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RG 2 Provincial Exhibition of Manitoba Association fonds
Part Of
RG 2 Provincial Exhibition of Manitoba Association fonds
Description Level
multiple media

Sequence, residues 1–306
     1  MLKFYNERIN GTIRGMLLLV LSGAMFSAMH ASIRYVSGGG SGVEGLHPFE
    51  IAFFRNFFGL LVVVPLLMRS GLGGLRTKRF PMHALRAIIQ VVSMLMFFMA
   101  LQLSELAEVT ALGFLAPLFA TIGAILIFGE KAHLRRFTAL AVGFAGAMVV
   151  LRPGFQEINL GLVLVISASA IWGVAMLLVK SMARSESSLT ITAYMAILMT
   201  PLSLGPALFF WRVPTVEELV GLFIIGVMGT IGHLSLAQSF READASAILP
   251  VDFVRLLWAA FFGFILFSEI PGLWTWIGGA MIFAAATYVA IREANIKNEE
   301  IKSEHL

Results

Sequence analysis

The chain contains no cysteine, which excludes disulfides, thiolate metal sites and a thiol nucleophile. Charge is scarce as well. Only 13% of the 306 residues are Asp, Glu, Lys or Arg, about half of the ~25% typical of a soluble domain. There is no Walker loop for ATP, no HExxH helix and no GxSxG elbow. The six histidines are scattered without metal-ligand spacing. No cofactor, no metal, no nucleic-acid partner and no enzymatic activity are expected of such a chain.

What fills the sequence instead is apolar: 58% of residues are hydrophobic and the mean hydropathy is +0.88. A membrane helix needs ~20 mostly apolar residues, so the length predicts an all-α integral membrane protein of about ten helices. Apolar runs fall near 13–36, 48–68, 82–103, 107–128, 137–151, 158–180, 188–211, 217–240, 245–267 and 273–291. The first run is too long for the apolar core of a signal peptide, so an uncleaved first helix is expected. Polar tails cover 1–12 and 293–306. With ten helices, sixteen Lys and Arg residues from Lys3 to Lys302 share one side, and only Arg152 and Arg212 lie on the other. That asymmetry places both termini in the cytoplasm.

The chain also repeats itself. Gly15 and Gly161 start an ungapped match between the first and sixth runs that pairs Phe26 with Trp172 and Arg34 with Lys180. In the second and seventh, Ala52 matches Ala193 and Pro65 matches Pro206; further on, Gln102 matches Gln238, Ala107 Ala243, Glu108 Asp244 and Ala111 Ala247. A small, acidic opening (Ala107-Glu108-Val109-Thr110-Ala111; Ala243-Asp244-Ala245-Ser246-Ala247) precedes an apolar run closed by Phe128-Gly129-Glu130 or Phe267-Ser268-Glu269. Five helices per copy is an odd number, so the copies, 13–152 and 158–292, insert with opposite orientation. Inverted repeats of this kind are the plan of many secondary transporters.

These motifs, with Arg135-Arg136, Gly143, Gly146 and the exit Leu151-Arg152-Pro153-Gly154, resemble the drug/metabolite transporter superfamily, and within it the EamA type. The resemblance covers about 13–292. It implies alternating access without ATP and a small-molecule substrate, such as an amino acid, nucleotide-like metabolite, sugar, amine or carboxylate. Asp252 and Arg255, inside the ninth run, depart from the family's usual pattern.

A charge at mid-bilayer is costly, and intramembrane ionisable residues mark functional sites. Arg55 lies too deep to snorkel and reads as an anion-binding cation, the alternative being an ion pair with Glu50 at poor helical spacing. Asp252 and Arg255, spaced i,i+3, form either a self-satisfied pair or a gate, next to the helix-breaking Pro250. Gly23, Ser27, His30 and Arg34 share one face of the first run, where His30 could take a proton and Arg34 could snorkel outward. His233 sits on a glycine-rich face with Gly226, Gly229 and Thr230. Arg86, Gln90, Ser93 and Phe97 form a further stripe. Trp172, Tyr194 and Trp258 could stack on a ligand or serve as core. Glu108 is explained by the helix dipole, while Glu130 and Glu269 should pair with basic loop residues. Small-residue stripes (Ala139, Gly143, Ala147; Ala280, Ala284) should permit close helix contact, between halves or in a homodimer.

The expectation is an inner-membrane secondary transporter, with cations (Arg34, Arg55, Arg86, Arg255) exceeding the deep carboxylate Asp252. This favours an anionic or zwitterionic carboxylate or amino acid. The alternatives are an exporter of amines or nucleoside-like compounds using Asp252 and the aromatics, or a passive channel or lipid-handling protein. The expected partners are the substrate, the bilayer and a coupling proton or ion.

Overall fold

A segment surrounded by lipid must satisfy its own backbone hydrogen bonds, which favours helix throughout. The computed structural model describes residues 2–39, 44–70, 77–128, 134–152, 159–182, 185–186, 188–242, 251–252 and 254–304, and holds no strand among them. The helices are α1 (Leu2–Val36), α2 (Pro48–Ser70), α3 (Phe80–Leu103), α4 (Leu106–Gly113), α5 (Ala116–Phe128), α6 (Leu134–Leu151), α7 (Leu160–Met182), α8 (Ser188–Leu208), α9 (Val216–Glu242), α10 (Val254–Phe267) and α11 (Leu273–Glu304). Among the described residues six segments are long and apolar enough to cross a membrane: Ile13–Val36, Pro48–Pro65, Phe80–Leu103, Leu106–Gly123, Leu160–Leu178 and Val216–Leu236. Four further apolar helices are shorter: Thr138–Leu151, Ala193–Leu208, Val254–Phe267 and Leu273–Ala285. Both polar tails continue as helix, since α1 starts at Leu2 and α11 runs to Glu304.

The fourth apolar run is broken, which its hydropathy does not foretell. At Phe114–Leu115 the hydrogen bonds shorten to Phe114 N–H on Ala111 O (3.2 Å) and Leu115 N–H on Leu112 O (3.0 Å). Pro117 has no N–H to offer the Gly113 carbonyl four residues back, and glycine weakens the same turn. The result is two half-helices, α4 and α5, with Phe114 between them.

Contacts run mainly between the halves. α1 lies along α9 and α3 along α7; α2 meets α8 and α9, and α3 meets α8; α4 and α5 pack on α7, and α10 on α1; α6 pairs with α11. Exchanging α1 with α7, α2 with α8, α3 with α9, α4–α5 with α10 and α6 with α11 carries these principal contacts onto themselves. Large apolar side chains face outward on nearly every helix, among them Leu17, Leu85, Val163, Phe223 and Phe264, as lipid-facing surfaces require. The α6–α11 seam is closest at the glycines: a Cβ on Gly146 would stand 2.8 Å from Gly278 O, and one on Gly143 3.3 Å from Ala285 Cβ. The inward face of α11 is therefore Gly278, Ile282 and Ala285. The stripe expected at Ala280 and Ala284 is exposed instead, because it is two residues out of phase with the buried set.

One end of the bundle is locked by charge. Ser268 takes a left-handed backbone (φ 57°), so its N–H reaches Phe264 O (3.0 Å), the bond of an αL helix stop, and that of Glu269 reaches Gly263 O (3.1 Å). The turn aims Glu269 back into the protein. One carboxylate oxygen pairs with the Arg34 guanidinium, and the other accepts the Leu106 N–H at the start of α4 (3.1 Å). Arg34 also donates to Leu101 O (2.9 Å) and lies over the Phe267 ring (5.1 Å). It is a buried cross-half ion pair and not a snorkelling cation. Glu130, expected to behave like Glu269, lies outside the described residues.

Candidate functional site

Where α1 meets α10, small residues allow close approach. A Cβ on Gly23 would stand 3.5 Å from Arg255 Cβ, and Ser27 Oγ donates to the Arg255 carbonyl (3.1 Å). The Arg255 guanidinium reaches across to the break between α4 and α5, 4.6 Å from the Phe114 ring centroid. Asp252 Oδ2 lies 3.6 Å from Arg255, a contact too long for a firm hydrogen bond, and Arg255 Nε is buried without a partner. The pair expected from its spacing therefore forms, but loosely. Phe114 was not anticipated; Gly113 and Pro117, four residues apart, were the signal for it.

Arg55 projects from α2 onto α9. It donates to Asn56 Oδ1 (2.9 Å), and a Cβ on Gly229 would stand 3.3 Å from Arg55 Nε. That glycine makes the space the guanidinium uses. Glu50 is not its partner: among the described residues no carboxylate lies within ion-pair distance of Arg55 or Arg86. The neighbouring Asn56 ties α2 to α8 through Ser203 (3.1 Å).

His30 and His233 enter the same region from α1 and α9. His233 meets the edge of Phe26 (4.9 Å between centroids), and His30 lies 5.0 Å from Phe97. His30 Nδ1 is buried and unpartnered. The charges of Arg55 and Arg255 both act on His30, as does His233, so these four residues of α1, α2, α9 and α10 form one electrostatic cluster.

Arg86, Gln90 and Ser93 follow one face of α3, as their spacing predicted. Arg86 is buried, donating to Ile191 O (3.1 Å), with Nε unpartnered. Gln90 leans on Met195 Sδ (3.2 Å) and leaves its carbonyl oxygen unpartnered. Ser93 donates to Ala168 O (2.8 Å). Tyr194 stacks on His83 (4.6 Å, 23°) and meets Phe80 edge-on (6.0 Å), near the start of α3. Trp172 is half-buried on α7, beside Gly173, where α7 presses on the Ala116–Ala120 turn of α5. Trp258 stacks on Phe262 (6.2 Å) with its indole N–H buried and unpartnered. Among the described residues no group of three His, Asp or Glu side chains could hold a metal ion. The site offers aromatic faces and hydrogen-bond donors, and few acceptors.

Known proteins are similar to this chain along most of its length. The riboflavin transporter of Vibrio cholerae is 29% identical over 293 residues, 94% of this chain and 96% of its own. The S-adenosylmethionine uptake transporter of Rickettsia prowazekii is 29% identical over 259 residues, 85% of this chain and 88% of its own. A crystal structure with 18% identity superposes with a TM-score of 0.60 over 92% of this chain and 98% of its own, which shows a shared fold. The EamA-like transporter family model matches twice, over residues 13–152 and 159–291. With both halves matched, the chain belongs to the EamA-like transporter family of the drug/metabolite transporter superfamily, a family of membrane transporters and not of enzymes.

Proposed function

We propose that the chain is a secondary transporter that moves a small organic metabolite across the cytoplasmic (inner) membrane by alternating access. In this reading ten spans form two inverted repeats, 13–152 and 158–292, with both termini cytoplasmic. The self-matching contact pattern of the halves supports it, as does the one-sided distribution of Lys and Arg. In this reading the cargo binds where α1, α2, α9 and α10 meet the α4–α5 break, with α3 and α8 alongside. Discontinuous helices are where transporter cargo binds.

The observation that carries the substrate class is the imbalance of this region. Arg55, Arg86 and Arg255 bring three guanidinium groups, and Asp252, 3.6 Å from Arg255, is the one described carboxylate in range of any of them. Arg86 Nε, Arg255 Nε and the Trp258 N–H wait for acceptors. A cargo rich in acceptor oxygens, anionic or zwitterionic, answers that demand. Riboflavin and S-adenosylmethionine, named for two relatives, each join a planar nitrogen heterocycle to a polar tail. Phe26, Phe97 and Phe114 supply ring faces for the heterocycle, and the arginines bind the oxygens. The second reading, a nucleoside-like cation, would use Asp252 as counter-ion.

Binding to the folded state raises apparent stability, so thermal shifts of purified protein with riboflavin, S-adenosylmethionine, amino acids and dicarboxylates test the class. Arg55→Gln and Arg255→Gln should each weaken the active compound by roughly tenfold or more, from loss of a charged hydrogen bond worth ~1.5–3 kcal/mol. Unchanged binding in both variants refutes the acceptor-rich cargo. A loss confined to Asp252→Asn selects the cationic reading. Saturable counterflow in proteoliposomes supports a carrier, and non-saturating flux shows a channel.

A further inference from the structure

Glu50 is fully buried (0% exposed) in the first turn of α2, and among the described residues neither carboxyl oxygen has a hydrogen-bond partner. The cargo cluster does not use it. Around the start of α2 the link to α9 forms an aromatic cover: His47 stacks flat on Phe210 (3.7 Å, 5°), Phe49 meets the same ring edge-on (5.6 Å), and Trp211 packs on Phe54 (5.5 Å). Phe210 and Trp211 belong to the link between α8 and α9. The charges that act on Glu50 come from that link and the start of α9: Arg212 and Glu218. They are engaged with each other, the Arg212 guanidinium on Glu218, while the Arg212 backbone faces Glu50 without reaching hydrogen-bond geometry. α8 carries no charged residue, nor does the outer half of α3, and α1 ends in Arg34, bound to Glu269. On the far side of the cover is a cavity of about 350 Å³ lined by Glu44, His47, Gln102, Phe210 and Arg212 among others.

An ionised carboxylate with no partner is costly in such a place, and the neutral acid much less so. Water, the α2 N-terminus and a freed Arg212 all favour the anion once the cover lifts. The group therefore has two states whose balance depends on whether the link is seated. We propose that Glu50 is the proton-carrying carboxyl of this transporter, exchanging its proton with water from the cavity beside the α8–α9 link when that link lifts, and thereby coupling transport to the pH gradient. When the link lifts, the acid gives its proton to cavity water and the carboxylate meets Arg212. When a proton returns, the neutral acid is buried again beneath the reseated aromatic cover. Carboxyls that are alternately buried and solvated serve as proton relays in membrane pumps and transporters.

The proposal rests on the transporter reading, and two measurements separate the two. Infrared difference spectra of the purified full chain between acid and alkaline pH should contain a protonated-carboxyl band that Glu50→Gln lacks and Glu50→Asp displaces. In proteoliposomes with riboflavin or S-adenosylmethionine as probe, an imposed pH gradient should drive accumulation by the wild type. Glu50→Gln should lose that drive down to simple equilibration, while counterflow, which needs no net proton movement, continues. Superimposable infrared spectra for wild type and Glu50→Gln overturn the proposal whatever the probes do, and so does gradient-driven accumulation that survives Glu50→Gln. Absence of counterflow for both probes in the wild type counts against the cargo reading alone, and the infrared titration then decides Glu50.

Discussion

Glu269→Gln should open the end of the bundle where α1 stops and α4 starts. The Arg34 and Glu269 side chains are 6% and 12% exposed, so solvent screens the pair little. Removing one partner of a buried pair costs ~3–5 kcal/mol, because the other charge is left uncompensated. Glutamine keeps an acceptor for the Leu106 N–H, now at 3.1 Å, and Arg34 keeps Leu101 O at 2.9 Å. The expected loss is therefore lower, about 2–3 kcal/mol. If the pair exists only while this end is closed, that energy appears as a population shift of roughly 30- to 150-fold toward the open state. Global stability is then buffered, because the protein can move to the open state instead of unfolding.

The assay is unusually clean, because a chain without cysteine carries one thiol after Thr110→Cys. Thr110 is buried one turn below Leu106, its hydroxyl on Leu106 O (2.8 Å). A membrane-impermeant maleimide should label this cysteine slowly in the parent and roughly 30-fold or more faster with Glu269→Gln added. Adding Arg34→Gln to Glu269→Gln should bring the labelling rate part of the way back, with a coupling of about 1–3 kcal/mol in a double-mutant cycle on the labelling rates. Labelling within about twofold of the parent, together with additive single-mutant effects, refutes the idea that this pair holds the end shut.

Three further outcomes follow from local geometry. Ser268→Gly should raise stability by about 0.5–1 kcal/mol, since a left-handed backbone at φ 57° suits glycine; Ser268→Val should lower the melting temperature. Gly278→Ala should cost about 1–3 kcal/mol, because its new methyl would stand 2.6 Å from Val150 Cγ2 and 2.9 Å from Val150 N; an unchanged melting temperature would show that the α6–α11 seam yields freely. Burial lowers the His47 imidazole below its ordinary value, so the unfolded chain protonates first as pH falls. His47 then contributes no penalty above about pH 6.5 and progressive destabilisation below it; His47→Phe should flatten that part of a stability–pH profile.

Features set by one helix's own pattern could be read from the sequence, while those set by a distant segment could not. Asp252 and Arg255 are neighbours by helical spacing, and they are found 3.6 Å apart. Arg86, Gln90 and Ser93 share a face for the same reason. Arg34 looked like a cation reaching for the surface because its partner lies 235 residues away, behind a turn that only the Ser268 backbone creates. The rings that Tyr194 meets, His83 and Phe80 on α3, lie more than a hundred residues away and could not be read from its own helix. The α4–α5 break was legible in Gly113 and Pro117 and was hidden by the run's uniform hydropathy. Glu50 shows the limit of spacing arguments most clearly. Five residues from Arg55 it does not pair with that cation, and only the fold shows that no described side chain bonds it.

Date Range
Part Of
RG 2 Provincial Exhibition of Manitoba Association fonds
Description Level
multiple media
Date Range
Physical Description
9.46 m textual records; 1919 photographs & graphics
History / Biographical